Caroline: Okay, I’ll go first. How are the science fiction and fantasy genres important? What makes them effective, valid, and worthwhile? 0
WR: That’s a really big question, and I’ll give you kind of a broad answer. I think science fiction and fantasy are—or if you want to use the umbrella term, which includes horror or speculative fiction, which is a nicer, academic term, but it’s still kind of an umbrella term—are important for a lot of reasons–and this kind of takes it in some sense back to our hero, Tolkien. They do offer a valid way to escape and all fiction does that, too. They also give us a way to—the word I’ve seen is a particular academic term called “cognitive estrangement,” and by that it means that you make the familiar different, strange, and by looking at the different or strange, you gain a perspective on it that you hadn’t before. So in that sense, when you are exploring another world, whether it’s one that’s made up—another planet, or in the case of a fantasy, is another place—by in some senses juxtaposing it against ours, you can see the world that you live in in a different, and hopefully fresher and more…it makes you see your own world in a way you couldn’t see it before. In that way, it lets you learn something about yourself, the world you live in, who you are, in a way that maybe you couldn’t do that before.
Science fiction in particular is famous for providing social commentary, social critique. The “What if?” question comes up: “What would the world be like if this were to go on?” In that sense it can be like a cautionary tale, or “Here’s a better way to do it,” possibly. Utopian and dystopian science fiction are always meant to be in juxtaposition or compared to the world that the writer or the reader lives in, and they potentially offer ways to think about this world in a way that’s constructive. In The Handmaid’s Tale, for example, she’s making a very pointed political statement about how women are treated, not just in the United States or in Western culture. Because everything that happens to women in that story, when they’re made breeders, when they’re, you know, all these things happen to them, they’re tortured, it’s already happened. She just puts it together in a particular maligned culture that is meant to be. She’s making a point about how women are treated. She’s making a point about how religion and God are used to justify this treatment, and that’s because it’s a theocratic takeover of the country.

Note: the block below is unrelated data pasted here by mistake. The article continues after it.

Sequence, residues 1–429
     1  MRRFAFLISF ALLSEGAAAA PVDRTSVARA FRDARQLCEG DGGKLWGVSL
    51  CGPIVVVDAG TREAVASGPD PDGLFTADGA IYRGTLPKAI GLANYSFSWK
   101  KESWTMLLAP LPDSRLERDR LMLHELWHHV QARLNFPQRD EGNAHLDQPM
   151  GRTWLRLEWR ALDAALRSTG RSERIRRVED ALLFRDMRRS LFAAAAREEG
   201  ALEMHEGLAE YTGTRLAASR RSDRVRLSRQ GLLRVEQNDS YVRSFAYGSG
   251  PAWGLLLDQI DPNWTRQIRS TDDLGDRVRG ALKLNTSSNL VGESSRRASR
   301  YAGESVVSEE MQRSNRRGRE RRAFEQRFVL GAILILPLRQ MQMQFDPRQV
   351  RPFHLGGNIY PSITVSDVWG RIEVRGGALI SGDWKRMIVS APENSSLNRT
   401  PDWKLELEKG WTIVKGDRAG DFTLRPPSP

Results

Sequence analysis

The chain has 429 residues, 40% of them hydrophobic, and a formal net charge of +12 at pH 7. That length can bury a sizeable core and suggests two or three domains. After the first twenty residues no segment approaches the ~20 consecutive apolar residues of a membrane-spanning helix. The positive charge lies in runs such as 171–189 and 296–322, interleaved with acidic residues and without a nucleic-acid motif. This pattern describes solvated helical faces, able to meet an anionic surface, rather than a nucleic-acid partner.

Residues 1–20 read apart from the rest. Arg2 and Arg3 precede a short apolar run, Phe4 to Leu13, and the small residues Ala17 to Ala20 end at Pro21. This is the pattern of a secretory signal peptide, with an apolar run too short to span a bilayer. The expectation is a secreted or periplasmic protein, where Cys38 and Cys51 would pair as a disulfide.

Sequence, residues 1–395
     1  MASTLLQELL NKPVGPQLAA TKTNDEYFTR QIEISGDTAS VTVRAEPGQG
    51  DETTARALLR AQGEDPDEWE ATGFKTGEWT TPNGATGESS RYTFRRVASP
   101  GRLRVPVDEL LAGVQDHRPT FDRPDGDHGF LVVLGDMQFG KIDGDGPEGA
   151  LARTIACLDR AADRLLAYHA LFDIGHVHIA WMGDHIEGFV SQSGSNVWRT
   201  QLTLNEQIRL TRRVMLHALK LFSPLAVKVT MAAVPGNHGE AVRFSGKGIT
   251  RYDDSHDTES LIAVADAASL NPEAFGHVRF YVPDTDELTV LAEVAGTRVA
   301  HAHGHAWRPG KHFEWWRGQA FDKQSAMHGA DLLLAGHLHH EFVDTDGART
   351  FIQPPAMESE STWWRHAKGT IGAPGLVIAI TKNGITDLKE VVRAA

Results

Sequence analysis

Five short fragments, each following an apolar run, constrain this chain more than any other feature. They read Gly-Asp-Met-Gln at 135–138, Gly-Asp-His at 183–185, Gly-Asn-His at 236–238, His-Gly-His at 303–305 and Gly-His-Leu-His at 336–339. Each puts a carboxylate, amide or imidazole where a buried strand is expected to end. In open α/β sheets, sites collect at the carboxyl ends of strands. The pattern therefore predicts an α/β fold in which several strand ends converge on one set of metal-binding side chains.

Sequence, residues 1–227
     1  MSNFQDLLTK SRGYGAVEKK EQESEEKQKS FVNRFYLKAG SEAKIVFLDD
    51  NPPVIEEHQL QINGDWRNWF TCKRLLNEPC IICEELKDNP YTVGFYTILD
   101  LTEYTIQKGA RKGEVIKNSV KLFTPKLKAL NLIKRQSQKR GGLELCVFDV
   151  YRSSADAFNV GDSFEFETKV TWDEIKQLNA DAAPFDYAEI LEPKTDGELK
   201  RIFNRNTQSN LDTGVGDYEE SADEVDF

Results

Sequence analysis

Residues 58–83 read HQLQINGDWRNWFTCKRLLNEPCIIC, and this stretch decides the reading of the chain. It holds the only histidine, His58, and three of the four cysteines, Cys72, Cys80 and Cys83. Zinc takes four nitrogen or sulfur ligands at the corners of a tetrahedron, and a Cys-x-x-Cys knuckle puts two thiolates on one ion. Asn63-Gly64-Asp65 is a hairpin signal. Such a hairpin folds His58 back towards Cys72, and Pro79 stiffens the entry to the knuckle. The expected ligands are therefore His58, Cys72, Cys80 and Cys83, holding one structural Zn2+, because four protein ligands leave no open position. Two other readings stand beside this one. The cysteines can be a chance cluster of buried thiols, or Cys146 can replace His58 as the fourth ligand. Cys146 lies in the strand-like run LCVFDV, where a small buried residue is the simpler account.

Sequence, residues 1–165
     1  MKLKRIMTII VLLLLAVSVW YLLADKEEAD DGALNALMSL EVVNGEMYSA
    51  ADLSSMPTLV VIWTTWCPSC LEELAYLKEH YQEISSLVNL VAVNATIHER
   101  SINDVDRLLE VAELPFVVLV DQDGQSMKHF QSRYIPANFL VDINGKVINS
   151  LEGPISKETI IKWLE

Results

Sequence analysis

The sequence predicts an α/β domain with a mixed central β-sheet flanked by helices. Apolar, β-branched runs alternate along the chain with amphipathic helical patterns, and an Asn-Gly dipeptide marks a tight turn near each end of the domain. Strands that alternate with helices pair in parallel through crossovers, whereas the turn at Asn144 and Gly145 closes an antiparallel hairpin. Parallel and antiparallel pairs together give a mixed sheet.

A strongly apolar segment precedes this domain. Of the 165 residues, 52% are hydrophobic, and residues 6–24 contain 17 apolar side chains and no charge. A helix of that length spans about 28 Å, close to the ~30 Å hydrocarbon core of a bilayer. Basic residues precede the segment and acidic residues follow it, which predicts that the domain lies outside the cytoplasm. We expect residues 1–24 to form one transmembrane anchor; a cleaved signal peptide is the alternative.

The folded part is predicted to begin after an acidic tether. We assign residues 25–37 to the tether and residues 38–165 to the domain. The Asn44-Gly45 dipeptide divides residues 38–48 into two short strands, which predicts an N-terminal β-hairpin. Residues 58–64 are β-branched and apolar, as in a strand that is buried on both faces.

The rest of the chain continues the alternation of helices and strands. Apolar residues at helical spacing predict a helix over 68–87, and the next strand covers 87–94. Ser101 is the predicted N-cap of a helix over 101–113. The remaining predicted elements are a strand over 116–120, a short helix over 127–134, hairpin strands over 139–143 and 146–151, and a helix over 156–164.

“Battlestar Galactica”, which is one of my favorites, in a way is meant to be a commentary on the world that we live in right now: the war, the terror, the stresses of society. So I think science fiction and fantasy, in those ways, becomes a useful genre for helping us see ourselves, see the world we live in, see ways of interacting that would be useful to see from a distance and also close up. They also make us think about how things could be, how they might be if we could just do whatever needs to be done.